A cat skeleton. Note the curvature in the spine and the length of the tail.
A cat skeleton. Note the curvature in the spine and the length of the tail.
An example of a deer that has been drawn by speed sketching the skeleton.
An example of a deer that has been drawn by speed sketching the skeleton.

The Skeleton

I believe the skeleton to be the most important thing to consider when you are first figuring out how to draw. The bone placement of an animal defines and limits the motion of the limbs, neck, and back, and each species is different. A horse's back is thick and straight, and allows limited flexibility, whereas a rabbit's is decidedly curved, and a cat's is flexible all around.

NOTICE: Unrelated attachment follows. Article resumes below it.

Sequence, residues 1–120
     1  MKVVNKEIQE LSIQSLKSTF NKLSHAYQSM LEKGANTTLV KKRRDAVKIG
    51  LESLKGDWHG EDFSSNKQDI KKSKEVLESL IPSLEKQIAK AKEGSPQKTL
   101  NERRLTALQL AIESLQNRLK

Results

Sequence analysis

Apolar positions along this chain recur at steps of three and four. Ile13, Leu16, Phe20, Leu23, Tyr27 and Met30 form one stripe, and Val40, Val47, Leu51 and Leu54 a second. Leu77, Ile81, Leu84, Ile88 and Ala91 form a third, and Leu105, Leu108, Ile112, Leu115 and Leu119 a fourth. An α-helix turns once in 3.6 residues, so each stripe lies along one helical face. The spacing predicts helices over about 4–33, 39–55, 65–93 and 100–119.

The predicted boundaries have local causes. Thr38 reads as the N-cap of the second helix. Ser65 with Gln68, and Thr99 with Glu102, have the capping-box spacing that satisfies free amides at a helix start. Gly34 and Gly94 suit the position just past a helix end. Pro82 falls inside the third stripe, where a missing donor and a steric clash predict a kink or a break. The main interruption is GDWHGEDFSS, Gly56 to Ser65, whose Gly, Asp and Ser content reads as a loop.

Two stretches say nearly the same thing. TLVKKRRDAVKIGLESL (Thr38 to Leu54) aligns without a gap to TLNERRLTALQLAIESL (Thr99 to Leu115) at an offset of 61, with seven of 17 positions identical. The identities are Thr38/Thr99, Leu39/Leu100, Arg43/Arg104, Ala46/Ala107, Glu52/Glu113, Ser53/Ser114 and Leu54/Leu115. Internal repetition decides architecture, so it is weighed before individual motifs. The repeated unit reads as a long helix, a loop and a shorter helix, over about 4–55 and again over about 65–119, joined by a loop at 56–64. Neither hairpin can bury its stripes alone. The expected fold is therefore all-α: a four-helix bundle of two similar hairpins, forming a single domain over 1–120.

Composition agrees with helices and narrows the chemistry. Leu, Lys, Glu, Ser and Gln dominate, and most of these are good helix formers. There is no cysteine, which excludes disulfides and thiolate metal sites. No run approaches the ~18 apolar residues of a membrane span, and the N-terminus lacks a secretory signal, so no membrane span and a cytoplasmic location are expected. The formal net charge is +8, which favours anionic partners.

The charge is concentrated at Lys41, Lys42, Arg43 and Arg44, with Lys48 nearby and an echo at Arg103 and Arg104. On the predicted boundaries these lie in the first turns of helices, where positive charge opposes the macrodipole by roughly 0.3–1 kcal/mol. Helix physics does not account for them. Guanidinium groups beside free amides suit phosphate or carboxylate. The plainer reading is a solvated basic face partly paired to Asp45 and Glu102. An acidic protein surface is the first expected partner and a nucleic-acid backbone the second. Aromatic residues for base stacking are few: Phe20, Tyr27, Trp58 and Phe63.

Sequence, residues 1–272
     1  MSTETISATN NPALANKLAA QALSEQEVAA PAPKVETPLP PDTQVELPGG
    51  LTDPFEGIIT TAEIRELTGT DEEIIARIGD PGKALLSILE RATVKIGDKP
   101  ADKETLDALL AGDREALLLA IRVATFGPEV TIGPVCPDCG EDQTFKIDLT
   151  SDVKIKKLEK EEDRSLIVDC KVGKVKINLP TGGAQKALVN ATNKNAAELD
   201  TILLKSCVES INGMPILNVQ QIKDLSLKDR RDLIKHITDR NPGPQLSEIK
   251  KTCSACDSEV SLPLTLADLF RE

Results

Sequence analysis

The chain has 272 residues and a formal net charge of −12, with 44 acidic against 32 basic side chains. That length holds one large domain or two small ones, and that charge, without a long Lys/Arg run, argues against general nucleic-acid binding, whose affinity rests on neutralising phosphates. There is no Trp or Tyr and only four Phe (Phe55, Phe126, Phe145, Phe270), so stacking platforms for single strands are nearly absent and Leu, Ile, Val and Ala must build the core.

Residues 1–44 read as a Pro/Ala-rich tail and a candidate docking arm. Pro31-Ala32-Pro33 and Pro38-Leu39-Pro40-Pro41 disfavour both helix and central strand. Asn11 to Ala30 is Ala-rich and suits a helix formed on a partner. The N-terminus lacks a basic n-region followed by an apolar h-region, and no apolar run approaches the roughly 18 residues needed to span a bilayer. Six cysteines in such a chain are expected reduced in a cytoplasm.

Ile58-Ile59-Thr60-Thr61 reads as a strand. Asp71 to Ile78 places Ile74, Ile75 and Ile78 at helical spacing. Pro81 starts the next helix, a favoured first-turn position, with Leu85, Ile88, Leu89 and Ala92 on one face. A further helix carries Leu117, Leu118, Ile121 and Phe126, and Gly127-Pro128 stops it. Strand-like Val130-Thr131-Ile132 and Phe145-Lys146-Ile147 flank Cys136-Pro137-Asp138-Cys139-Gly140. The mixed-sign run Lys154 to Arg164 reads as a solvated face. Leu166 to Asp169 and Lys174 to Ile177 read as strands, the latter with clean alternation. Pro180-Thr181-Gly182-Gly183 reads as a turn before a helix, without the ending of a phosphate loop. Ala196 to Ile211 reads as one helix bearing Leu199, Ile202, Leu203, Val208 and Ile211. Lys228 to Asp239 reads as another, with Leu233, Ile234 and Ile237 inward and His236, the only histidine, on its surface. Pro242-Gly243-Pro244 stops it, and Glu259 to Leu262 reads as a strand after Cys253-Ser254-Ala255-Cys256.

It is important to study the skeletal structure of each individual species you are attempting to recreate. Horses are very different from dogs, and dogs are quite different from cats.

When drawing skeletons, reference is necessary! It definitely helps if you have bones on hand to inspect, such as those found in your school's science lab, but if not, online images are fine. It may help for you to visualize the bones at different angles, so try to use multiple images to refer to when drawing. If details frustrate you, ignore them. You can start out simple with stick-figure-esque lines until you are comfortable with the basic shape of each bone.